LightSquared also had significant political opposition to its arguments in both the U.S. policy and military sectors. Following the NTIA and FCC decision regarding LightSquared’s interference problem, Rep. Mike Turner (R–Ohio), Chairman of the House Armed Services Subcommittee on Strategic Forces, said he was pleased with the outcome.
   “The FCC has realized what our military leaders and Congress have been saying all along — LightSquared’s proposed network will dangerously impair GPS receivers and our military’s ability to train and operate. This responsible step by the FCC, albeit months late, is encouraging. I hope that they will continue this course and will not allow any harmful interference to our national security GPS network. Congress will have to safeguard this spectrum, whether it is held by LightSquared or any successor,” Turner said in a statement.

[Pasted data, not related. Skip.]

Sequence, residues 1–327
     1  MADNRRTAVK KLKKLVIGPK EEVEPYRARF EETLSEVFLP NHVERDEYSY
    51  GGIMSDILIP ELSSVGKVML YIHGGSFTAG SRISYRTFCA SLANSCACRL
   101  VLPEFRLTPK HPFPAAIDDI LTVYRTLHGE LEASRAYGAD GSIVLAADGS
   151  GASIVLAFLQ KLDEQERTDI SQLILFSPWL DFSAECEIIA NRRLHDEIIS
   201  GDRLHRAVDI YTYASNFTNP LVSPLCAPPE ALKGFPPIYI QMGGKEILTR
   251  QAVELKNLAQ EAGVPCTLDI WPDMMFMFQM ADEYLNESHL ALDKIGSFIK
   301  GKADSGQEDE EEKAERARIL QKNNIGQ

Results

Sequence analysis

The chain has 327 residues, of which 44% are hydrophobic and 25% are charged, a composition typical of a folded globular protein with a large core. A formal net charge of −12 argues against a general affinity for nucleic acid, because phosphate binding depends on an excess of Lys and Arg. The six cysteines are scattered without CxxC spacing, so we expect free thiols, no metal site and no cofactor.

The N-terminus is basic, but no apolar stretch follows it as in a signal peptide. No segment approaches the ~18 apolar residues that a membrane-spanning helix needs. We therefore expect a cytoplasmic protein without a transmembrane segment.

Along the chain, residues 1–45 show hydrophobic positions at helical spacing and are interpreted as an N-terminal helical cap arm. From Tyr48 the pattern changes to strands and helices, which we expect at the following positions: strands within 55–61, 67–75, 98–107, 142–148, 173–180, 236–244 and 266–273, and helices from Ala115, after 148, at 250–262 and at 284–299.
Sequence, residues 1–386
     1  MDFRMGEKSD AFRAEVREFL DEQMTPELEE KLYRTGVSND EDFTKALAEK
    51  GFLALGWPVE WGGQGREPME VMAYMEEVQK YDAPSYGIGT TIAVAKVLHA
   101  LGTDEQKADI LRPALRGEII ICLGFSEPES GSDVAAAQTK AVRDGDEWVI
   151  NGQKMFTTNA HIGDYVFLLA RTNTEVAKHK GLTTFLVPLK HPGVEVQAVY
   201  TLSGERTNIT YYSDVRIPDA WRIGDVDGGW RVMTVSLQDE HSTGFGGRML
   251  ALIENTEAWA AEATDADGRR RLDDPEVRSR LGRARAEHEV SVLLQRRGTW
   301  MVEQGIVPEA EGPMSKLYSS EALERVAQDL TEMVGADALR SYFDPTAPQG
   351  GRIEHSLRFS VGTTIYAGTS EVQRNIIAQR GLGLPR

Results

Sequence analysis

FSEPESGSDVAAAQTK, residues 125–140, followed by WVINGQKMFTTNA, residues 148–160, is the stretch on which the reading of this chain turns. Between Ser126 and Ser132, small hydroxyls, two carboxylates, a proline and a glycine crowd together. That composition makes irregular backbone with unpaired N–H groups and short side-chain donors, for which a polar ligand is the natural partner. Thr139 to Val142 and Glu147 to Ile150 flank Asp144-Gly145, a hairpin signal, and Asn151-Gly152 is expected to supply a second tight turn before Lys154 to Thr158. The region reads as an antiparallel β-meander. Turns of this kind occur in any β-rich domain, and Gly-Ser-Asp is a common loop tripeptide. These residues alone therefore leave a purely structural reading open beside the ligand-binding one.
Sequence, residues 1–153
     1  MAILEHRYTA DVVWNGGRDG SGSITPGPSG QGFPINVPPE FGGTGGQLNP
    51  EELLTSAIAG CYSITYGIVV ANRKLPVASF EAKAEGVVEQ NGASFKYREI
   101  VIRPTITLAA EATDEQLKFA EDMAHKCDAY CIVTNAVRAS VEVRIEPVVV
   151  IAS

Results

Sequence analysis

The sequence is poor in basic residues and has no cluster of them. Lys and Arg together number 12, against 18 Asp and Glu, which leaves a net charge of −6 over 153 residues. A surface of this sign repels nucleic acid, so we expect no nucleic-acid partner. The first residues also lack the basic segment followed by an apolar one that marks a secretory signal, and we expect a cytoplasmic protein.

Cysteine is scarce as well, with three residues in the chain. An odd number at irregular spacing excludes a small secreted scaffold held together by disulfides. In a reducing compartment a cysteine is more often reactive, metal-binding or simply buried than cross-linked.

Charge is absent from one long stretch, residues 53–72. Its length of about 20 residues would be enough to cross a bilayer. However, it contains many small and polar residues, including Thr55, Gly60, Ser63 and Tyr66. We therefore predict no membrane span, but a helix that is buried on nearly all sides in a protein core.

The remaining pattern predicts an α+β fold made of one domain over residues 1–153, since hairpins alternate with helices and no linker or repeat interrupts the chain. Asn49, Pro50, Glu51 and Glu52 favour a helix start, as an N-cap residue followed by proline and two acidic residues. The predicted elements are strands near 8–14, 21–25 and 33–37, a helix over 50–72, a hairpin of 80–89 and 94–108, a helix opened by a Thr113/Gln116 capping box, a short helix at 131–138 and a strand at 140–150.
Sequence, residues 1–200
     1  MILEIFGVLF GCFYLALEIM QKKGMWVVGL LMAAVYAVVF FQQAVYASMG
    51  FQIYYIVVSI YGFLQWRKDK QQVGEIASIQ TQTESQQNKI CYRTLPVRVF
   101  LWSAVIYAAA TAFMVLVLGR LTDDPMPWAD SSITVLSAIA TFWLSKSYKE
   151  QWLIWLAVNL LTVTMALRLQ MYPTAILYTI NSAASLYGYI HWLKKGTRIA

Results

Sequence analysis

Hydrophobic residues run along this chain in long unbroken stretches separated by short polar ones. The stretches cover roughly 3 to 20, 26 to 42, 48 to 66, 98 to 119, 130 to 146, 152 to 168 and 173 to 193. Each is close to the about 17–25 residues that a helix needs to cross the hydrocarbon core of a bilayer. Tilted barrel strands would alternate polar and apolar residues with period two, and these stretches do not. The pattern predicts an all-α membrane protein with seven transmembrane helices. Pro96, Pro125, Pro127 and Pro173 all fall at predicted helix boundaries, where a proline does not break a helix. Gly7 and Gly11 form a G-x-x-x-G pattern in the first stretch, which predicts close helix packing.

As for now, LightSquared Spokesman Terry Neal said the company would continue to fight the FCC/NTIA ruling and work to amend its situation with Inmarsat. “LightSquared has raised several matters that require resolution before the first phase comes to a close. The terms of the agreement allow for additional time to resolve pending questions before phase one is complete and the final payment is due,” said Neal. “LightSquared is committed to fulfilling its business plan to bring world-class wireless broadband connectivity to millions of Americans and believes that Inmarsat will remain an important partner in the company’s future endeavors.”